August 16, 2007

The Accessorizor

I have a new favorite swimmer. No, it's not you. Sorry.

It's not Michael Phelps, either, though I have to admit I think he looks a bit primatel with his long gorilla arms. My favorite swimmer isn't even Amanda Beard, though - [gulp] - she definitely holds a special place in my, uh, heart.

No, no, my new favorite swimmer is somebody more special. Somebody who can swim slower than a speeding kickboarder. More powerful than a three year old with floaties. Able to lap tall geriatrics in a single hour. Look! Down in the pool! It's a manatee! It's a submarine! It's... The Accessorizor!!

[insert timpani drum beats: ba-ba-ba-bummmmmm]

When you swim at my YMCA, it's tough to really choose one person that makes the forty-five dollars a month all worthwhile. There are so many options, so much to enjoy, I get all giddy at the thought of showing up in the morning and wondering what the day has in store.

When I first started swimming there, I thought the woman in the full scuba gear was a hoot. But after a few years of watching her scuba 25 yards at a time (with a weight belt on, might I add), it doesn't seem nearly as interesting anymore. There are so many people using snorkels in the pool, you'd think you were in a lost Hawaiian cove, but without the sea turtles, colorful fish or pretty much anything else that looks pretty.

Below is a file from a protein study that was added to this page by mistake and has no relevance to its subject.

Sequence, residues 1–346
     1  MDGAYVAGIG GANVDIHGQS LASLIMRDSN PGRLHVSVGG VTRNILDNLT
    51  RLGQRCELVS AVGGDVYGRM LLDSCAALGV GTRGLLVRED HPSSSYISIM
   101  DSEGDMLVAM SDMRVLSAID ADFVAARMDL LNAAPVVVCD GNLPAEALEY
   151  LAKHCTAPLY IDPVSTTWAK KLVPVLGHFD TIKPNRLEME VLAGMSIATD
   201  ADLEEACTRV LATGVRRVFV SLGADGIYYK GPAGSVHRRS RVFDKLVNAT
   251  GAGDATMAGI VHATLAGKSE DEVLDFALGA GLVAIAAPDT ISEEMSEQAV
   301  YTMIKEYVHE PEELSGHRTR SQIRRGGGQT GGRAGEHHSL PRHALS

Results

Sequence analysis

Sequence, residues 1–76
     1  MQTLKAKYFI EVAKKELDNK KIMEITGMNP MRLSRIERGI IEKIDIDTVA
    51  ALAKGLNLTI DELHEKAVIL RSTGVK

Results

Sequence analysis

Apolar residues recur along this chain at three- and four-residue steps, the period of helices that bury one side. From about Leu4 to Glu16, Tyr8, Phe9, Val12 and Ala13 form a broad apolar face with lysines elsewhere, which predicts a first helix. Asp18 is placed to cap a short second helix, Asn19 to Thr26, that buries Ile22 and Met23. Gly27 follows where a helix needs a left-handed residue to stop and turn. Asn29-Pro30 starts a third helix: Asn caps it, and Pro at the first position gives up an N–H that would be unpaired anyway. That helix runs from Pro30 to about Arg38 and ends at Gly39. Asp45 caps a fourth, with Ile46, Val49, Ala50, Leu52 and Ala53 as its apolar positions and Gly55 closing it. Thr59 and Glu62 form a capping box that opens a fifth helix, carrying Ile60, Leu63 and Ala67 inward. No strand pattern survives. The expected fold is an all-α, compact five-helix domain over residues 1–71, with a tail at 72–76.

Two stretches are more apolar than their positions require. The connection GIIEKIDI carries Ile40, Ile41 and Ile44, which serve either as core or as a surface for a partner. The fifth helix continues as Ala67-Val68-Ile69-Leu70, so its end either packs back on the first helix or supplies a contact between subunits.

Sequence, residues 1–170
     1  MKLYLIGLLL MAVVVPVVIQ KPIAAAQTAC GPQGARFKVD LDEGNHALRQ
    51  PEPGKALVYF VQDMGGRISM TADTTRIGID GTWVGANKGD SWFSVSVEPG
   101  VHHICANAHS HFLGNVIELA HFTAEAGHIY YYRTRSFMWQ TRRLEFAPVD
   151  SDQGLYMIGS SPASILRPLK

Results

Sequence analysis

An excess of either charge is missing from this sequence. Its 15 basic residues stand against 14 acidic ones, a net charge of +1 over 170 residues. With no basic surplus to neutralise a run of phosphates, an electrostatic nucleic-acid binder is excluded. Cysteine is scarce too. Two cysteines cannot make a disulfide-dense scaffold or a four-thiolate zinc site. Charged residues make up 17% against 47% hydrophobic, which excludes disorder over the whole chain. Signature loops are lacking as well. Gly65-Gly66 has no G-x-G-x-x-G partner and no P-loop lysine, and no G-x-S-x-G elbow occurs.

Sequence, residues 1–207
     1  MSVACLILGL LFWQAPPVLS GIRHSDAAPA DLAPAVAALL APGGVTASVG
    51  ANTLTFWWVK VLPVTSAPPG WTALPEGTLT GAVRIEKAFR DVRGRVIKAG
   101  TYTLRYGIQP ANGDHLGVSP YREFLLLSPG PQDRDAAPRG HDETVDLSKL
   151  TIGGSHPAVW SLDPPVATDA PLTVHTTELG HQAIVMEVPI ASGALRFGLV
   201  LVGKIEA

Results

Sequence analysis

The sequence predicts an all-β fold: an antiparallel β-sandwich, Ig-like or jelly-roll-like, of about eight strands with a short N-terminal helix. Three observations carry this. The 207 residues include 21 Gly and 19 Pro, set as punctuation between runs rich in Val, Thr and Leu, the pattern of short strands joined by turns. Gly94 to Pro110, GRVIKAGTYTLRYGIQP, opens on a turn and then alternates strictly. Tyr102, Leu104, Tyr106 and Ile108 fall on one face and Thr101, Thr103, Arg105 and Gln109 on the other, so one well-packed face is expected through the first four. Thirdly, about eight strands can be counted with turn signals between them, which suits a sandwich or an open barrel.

As you know, the kicker was my favorite for awhile. After all, how can you not like somebody who swims like their auditioning for The Ministry Of Silly Walks? I smile when I see her approaching poolside. She warms my heart.

In the early days, far before The Kicker, there was Mrs. Cchhhat-Ptewie. An older Asian woman who always wore an American flag swim cap, she'd do the geriatric breaststroke for the 25 yards down the lane, then lean over the edge of the pool and - cccchat-ptewie!! - spit up a loogie. After the throat cleansing, she'd turn around, breaststroke her way back to the other end of the pool and - ccchat-ptewie! - spit up again. This would continue for the twenty-or so minutes she'd spend in the pool. It really balanced on the very thin line between fascinating and nauseating. Actually, it quickly plummeted onto the concrete sidewalk of nauseating.